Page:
by Scott McClallen
About 81.7 percent of Minnesota’s COVID-19 deaths were in nursing homes and residential care communities, the highest percentage state in the nation that reports such data.
That’s according to data from The Foundation for Research on Equal Opportunity (FREOPP), a Texas-based nonprofit think tank.
State data reports 537 deaths out of a total of 663 deaths took place in long-term care facilities (LTCF).
Minnesota’s nursing home and residential care community COVID-19 fatality rates are much higher than neighboring states that reported data.
Wisconsin reported 42.5 percent of COVID-19 deaths in those facilities, the analysis says, while Iowa reported 56 percent.
LTCF residents account for less than 1 percent of Minnesota’s population, 13 percent of Minnesota’s COVID-19 cases, and 81 percent of COVID-19 deaths.
One in five nursing homes have cases, less than one in 10 assisted living facilities have cases, and most facilities with cases have one or two, Health Commissioner Jan Malcolm said last week.
State data says at least one COVID-19 case has been reported in 180 congregate care facilities.
Infectious Disease Division Director Kris Ehresmann told The Center Square the state’s LTCF COVID-19 death rate is higher in Minnesota because of aggressive testing.
“Our focus on LTC means we will have more deaths because we are testing in the age group where we expect to see more fatalities AND we have now identified everyone as a case – so their death will count,” Ehresmann wrote in an email.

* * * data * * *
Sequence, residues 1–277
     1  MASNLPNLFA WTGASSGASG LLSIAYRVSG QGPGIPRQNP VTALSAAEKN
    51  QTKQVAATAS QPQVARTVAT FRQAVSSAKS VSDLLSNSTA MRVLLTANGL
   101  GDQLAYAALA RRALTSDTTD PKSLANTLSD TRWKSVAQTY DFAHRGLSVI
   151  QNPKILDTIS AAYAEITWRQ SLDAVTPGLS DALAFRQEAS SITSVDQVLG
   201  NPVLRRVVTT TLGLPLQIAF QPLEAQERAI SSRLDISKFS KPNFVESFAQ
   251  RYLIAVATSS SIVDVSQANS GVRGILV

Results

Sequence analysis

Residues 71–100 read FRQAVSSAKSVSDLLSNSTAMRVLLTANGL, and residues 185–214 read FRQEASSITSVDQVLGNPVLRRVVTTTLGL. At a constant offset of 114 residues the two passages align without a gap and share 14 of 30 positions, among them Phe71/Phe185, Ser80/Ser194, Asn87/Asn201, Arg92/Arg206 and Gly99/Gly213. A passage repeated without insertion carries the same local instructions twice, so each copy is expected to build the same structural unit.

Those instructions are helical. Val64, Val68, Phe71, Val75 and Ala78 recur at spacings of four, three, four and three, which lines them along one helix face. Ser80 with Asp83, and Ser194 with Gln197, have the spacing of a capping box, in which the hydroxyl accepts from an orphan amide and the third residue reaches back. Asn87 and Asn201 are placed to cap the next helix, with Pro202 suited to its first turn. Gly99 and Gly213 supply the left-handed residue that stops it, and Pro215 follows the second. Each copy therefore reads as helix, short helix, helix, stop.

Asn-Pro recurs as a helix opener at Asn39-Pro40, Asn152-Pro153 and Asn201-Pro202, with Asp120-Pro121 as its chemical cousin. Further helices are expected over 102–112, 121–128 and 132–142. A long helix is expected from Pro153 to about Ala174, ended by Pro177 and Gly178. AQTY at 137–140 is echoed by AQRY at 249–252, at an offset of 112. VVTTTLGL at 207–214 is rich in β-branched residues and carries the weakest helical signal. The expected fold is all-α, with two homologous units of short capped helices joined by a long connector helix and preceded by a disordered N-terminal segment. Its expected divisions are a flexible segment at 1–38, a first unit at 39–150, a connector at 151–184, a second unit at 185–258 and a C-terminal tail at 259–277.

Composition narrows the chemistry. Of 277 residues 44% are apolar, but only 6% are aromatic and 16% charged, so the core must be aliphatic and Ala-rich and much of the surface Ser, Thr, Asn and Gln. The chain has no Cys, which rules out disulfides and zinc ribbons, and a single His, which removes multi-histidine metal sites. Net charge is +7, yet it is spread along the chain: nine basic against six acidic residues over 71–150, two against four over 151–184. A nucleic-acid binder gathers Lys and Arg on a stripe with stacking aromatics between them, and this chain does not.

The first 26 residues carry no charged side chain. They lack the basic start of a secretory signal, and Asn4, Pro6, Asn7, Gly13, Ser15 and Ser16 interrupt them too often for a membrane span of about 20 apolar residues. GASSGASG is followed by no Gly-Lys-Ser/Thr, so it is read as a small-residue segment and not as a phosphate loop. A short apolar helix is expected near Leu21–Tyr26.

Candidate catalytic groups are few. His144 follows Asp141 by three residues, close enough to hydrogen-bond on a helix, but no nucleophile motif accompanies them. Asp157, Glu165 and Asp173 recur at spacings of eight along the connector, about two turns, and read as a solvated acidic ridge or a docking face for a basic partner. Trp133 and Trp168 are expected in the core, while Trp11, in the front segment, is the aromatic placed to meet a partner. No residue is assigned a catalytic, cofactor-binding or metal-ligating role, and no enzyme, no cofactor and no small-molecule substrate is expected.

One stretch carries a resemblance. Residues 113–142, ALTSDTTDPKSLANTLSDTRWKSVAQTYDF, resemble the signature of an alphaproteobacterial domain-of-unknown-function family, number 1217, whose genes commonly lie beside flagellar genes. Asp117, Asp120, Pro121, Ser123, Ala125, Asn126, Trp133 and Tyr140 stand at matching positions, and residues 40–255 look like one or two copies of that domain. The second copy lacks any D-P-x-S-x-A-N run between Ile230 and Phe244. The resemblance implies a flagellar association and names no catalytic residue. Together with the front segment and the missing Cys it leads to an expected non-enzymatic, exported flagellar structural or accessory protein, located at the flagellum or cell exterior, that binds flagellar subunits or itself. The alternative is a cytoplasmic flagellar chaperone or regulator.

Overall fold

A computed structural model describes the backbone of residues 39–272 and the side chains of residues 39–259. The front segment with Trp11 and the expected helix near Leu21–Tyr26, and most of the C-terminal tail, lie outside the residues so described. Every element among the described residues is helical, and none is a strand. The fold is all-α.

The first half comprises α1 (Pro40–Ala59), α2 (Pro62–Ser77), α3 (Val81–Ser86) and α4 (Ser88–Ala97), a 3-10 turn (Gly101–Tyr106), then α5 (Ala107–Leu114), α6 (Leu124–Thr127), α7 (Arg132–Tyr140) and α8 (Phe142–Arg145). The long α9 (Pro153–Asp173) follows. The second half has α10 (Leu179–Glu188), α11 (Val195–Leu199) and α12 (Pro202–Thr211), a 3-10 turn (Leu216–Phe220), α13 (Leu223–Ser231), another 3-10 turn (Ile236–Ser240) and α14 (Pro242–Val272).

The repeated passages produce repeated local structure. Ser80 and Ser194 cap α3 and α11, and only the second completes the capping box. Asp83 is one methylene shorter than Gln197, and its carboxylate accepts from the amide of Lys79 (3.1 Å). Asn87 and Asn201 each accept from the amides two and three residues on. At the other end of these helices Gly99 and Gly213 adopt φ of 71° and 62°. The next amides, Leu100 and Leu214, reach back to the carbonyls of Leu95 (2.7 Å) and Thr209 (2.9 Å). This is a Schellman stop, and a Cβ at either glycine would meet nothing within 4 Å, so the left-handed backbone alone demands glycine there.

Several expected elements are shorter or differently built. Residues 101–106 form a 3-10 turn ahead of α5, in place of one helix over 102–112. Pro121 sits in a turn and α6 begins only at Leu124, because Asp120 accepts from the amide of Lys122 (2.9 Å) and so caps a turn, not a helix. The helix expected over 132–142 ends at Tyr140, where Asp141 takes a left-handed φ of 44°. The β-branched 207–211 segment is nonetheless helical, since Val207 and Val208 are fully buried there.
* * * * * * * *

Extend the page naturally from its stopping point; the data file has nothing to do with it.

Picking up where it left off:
“What that means is that if any of those long term care cases subsequently die – they will be included in our death count,” she wrote. “If we had not been doing aggressive testing some deaths would have been missed and not counted as COVID. Our aggressive screening and testing means that we are counting more cases and deaths than are missed. We don’t know that that is happening in other states.”
Gov. Tim Walz said last week the state is prepared “to go on the offensive” to reduce deaths and infections in long-term care facilities with a five-point plan.
The plan includes actively screening residents and staff for COVID-19, expanding testing to all symptomatic people in the facility, and performing a facility-wide test after a confirmed case or when people develop symptoms.
Malcolm said Tuesday it will take weeks until the plan is implemented.
COVID-19 hit LTCF nationwide as residents fall into two high at-risk categories: the elderly and those with underlying medical conditions that compromise their immune systems.
FREOPP research fellow Gregg Girvan and President Avik Roy estimate that about 1.6 percent of the nation’s population live in nursing homes or residential care facilities, but they account for 40 percent of all COVID-19 deaths in reporting states.
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Scott McClallen is a staff writer covering Michigan and Minnesota for The Center Square. A graduate of Hillsdale College, his work has appeared on Forbes.com and FEE.org. Previously, he worked as a financial analyst at Pepsi.